SASCOC behind Games host
Gideon Sam (Gallo Images)
Johannesburg - South Africa's Olympic boss says he will clean toilets himself in an effort to ensure the success of the crisis-hit Commonwealth Games in New Delhi, India which starts on October 3.
"Our athletes will have no excuses if they do not perform at the Games," Gideon Sam, president of the South African Sports Confederation and Olympic Committee (SASCOC), said at a farewell dinner in Boksburg on Saturday night ahead of the team's departure on Sunday.
"If they are unhappy with their rooms because they have not been swept, they must take off their jackets and sweep them themselves. We will not complain. South Africans do not do that.
"And when I get there on Friday, if a toilet is not clean, I will clean it myself."
A few participating nations have delayed their arrivals in Delhi as the organisers attempt a last-minute cleanup. On Sunday, however, athletes continued to withdraw from the quadrennial multi-sport event.
And while India have been widely criticised for filthy accommodation, construction issues and security problems, Sam said it was imperative for South Africa to get behind the hosts.
He also slammed first-world countries for criticising the Games organisers, despite images from New Delhi highlighting the filthy state of the athletes' village, a bridge collapsing near the main venue and an attack on tourists two weeks before the opening ceremony.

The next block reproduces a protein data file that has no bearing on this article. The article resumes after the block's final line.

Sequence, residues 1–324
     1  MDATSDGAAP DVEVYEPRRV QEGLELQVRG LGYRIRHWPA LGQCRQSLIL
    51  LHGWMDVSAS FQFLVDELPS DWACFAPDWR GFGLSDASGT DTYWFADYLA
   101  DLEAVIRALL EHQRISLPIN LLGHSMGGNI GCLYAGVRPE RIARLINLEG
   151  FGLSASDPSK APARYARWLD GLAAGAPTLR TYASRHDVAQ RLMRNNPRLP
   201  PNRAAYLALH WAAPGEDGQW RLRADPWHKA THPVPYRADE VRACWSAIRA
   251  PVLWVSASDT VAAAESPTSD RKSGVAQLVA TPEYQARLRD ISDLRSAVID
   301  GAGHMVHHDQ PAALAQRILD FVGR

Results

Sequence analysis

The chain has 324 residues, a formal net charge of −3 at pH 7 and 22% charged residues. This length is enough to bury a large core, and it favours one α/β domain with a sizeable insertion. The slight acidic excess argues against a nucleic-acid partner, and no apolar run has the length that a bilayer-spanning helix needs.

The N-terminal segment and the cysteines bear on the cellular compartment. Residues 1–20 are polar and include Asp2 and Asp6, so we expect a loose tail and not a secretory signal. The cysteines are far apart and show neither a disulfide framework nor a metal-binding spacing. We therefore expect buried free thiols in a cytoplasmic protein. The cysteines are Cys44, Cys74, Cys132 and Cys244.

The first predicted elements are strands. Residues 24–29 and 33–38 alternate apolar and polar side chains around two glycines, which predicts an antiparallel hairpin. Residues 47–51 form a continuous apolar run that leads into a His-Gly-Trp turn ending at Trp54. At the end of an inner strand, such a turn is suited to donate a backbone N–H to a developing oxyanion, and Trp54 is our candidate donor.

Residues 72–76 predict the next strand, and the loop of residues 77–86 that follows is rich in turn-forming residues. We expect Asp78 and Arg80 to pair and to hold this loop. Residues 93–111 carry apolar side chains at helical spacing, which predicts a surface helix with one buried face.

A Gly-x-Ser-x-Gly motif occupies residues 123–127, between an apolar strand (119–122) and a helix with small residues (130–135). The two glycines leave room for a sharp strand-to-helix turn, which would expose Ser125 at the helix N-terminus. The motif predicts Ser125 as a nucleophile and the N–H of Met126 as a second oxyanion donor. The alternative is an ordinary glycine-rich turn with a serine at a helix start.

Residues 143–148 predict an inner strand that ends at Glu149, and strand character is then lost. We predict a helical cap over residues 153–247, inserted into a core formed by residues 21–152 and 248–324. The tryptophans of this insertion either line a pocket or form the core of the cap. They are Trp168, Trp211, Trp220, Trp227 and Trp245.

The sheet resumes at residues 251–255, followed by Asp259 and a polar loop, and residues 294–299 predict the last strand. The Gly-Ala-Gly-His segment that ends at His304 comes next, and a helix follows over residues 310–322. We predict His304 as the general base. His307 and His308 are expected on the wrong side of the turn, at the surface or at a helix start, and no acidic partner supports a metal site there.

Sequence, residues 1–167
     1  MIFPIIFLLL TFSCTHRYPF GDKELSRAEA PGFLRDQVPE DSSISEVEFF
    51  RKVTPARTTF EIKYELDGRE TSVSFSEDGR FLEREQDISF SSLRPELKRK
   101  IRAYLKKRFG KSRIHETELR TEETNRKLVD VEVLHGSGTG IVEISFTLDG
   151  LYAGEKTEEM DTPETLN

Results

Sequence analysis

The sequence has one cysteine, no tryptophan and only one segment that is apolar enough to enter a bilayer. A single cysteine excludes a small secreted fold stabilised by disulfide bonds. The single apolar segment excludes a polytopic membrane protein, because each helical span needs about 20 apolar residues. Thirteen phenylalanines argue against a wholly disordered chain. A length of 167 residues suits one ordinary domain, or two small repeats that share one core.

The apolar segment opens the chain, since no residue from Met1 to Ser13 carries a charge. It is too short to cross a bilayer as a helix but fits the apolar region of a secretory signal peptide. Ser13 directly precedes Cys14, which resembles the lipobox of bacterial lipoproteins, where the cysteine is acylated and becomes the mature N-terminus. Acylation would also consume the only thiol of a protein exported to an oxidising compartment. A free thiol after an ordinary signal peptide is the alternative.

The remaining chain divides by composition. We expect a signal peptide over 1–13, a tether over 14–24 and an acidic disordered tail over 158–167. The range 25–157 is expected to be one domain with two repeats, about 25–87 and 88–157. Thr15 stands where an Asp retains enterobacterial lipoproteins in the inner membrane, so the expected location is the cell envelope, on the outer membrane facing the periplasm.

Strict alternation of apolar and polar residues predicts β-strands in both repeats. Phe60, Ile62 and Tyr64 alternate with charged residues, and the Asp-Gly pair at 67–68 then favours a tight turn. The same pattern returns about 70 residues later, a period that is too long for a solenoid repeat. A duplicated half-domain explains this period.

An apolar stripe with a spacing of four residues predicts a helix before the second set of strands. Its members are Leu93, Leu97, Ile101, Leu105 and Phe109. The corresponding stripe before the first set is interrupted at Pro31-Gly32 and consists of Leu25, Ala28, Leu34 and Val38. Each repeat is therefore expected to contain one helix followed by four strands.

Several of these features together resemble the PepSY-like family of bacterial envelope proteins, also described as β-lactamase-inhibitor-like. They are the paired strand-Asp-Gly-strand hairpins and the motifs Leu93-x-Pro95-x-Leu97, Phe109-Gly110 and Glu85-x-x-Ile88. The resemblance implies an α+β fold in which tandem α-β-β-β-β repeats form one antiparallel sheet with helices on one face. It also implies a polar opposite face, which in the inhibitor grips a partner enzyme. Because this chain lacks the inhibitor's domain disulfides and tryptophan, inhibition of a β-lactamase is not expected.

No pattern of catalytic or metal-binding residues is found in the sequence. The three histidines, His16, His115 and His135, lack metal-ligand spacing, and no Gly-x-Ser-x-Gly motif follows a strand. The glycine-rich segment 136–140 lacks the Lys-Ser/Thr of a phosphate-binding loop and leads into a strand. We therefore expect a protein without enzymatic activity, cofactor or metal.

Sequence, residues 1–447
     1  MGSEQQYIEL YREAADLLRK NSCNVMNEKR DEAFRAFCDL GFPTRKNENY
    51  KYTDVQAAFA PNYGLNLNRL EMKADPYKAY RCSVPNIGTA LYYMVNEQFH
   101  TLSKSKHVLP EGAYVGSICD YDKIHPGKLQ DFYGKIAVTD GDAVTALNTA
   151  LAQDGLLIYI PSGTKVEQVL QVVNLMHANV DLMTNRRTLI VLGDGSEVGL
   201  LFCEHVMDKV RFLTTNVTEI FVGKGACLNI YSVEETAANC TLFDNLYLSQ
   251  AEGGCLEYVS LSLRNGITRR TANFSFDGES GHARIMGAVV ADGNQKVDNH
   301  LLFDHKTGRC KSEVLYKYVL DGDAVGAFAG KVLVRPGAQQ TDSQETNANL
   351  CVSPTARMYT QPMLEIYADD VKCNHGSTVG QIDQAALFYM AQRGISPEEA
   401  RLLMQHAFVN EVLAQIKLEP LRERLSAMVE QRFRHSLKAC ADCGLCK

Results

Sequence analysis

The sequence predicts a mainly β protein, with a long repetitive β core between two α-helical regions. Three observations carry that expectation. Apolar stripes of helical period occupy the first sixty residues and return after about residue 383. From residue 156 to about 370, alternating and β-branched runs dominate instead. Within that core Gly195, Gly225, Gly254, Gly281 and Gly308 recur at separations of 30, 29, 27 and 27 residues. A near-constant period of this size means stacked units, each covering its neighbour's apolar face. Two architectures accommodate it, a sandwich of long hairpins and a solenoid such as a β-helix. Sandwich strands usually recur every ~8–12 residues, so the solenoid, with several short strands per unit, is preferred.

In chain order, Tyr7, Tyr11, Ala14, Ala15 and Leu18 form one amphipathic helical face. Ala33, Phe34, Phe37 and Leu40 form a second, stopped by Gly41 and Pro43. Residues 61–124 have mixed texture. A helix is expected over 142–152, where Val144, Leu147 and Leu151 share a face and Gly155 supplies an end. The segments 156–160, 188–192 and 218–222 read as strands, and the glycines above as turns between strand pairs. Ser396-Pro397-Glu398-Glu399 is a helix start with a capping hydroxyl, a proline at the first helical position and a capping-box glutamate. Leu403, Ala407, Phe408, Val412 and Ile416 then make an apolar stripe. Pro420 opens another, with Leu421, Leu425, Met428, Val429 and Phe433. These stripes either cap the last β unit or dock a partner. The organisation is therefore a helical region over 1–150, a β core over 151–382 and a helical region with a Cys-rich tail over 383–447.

On Sunday, Indian boxer Akhil Kumar, who weighs a little more than 50kg, complained after his bed collapsed under his weight at the athletes' village.
"As developing nations we must stand together. We cannot allow developed countries to go out there and take the last seat in the hall," Sam said.
"We had the same problems with these countries who complained before the Fifa World Cup, and I won't even mention them because we know who they are.
"As South Africans, we have always supported our friends, and internationally, India and Brazil are our best friends.
"We also want to host events like this, and it is unfair if they are hosted only by countries like England, Canada and Australia.
"We will be prepared when we get there, we will work side by side with our friends, and we will come back with medals."
Sam said South Africa had plans in place to ensure the safety of the athletes and provide sufficient medical care.
"We will have our own security on top of what the hosts are providing us," he said. "The medical team will also be well equipped (following an outbreak of dengue fever).
"Unfortunately for the athletes, we will be keeping a very tight rein on all of them.
"They will have to inform us of their every move so we can ensure their safety and get them back home to their loved ones in one peace."